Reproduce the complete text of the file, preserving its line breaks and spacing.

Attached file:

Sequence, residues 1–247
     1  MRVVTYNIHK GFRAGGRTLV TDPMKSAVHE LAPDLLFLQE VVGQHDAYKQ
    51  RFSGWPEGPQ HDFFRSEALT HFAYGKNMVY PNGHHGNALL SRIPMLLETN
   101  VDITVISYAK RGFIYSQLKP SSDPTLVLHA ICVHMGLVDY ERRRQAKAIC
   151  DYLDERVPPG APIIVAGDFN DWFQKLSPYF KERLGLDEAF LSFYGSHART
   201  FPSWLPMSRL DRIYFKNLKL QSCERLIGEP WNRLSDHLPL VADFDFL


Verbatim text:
Sequence, residues 1–247
     1  MRVVTYNIHK GFRAGGRTLV TDPMKSAVHE LAPDLLFLQE VVGQHDAYKQ
    51  RFSGWPEGPQ HDFFRSEALT HFAYGKNMVY PNGHHGNALL SRIPMLLETN
   101  VDITVISYAK RGFIYSQLKP SSDPTLVLHA ICVHMGLVDY ERRRQAKAIC
   151  DYLDERVPPG APIIVAGDFN DWFQKLSPYF KERLGLDEAF LSFYGSHART
   201  FPSWLPMSRL DRIYFKNLKL QSCERLIGEP WNRLSDHLPL VADFDFL